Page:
Christmas Chaos: President Throws Relief Into Doubt : The NPR Politics Podcast President Trump raised last-minute objections, imperiling direct payments and other aid to millions of Americans. He also issued a new round of pardons for politically-connected allies.

This episode: political correspondent Scott Detrow, White House reporter Ayesha Rascoe, congressional editor Deirdre Walsh, and national justice correspondent Carrie Johnson.

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Christmas Chaos: President Throws Relief Into Doubt

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Christmas Chaos: President Throws Relief Into Doubt

Christmas Chaos: President Throws Relief Into Doubt

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ROBIN: This is Reverend Robin (ph) in Des Moines, Iowa, setting up my sanctuary for our virtual Christmas Eve service. This podcast was recorded at...


It is 12:45 Eastern on Wednesday, December 23, or Christmas Eve Eve, which is not a thing, but I'd like to think about it that way.

ROBIN: Things may have changed by the time you hear this, but we will still be lighting up candles and singing.


AYESHA RASCOE, BYLINE: Do they sing? Oh, we don't get to hear the singing.

DETROW: I was hoping for the organ. How much more organ music do we have? Can we listen to that instead of our theme?


DEIRDRE WALSH, BYLINE: I need some holiday spirit music right now.



DETROW: Hey there. It's the NPR POLITICS PODCAST. I'm Scott Detrow. I cover the Biden transition.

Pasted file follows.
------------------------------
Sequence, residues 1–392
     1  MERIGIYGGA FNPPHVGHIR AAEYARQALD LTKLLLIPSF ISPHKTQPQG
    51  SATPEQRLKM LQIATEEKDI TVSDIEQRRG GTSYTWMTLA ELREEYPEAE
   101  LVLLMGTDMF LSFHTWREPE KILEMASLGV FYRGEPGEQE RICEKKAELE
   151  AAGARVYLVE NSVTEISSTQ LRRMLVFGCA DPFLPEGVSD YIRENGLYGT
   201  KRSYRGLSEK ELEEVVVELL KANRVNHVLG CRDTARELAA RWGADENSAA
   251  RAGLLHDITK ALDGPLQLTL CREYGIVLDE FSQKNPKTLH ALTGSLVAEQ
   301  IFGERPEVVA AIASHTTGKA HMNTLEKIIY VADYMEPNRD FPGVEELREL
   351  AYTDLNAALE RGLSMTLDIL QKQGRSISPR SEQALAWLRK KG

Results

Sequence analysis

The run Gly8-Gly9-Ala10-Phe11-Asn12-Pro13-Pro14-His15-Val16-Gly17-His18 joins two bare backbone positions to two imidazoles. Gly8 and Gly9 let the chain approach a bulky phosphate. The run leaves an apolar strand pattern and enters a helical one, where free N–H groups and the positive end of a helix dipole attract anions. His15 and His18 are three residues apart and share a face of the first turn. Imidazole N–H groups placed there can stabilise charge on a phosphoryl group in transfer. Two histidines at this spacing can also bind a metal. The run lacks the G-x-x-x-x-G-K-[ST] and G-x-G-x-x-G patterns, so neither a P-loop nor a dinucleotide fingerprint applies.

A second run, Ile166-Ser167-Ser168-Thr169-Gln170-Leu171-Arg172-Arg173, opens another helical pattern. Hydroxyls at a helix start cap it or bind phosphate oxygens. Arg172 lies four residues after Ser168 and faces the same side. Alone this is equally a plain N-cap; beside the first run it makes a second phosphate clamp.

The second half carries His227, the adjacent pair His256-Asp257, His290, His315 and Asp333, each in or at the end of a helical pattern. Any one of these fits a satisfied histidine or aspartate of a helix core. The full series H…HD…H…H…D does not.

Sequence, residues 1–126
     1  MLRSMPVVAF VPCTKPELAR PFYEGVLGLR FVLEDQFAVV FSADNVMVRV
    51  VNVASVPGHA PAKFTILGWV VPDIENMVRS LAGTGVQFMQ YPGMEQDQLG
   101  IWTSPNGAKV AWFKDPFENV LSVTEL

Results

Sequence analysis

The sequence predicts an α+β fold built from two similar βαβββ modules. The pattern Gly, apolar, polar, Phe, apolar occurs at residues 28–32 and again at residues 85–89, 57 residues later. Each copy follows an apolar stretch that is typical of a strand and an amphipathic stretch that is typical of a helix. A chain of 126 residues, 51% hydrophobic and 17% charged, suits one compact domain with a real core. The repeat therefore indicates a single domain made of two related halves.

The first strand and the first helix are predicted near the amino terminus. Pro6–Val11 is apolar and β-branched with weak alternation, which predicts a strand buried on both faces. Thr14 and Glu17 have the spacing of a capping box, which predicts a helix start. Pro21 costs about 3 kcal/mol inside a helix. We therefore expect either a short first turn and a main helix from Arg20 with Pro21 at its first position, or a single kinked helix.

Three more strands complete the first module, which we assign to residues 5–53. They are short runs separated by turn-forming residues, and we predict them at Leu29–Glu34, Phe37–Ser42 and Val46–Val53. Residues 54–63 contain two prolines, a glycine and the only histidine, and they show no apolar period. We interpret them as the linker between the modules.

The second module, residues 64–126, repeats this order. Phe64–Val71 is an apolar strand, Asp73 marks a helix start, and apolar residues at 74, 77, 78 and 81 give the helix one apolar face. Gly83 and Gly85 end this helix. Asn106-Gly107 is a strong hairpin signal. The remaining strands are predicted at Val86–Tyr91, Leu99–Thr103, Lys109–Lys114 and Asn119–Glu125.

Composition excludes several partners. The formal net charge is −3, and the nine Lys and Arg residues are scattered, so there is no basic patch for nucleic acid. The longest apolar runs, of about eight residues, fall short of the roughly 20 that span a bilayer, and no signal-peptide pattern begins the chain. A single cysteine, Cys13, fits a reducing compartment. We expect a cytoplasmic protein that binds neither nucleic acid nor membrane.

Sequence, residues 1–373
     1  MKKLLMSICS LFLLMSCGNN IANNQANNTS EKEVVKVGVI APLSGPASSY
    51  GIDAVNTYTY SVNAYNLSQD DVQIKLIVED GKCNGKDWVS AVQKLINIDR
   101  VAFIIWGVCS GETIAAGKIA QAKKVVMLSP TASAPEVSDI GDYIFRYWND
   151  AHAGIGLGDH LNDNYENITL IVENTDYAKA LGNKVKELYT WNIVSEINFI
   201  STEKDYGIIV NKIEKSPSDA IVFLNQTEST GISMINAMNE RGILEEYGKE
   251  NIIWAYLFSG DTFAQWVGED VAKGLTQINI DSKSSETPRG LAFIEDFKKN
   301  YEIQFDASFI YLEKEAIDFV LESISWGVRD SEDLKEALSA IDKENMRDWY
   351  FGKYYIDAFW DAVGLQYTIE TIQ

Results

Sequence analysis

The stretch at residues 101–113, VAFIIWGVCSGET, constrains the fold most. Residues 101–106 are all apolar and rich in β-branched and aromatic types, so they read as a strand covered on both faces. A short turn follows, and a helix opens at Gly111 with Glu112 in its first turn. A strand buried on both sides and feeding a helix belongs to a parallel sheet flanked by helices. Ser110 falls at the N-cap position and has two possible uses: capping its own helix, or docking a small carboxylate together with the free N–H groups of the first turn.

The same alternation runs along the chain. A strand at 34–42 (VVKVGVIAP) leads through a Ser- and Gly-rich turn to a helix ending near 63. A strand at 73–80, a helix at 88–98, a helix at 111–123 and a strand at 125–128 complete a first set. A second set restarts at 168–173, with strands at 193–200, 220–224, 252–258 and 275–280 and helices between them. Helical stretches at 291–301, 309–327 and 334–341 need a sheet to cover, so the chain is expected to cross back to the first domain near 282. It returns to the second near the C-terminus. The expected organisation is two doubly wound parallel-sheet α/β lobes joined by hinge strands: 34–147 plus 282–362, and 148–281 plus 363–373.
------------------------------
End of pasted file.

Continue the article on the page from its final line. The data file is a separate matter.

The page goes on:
RACSOE: I'm Ayesha Rascoe. I cover the White House.

WALSH: I'm Deirdre Walsh, congressional editor.

DETROW: And speaking of holiday cheer, after seven months of roiling congressional negotiations, Congress passed a landmark relief deal. Everybody got on the same page. This seemed to be a problem that was solved. And then last night, President Trump sent a tweet.


PRESIDENT DONALD TRUMP: The bill they are now planning to send back to my desk is much different than anticipated. It really is a disgrace.

DETROW: So, Ayesha, this was not an explicit veto threat, but it kind of was. And the president made this after the bill had already been passed. What exactly does he want here?

RACSOE: Yes, so the president is asking for - explicitly asking for bigger payments, stimulus payments for individuals - $2,000 for individuals, $4,000 for couples. He also said he wanted the tax break that was brought back in this bill to last for longer than what is in the bill right now. This tax break is known as the three-martini lunch tax break by critics who say that it benefits, you know, executives more than it will benefit struggling restaurants. But those are some of the things. And he also raised these concerns about other things being in the bill, not seemingly acknowledging that this isn't just a COVID relief package, but this is a spending bill. It's - the relief package is coupled with the spending bill that funds the entire government. Right?

WALSH: Right. I mean, these are programs that the president asked for in his own budget months ago and programs that he has signed in previous annual spending bills - I mean, things like money for the military - more money for the military, money for military pay raises.

DETROW: And, Deirdre, we had talked about this a lot. But it's worth just emphasizing one more time as the president comes out and tries to blow this up after the bill had passed, after Congress has left town, he was absolutely, totally disengaged from these negotiations for the last few months. Right?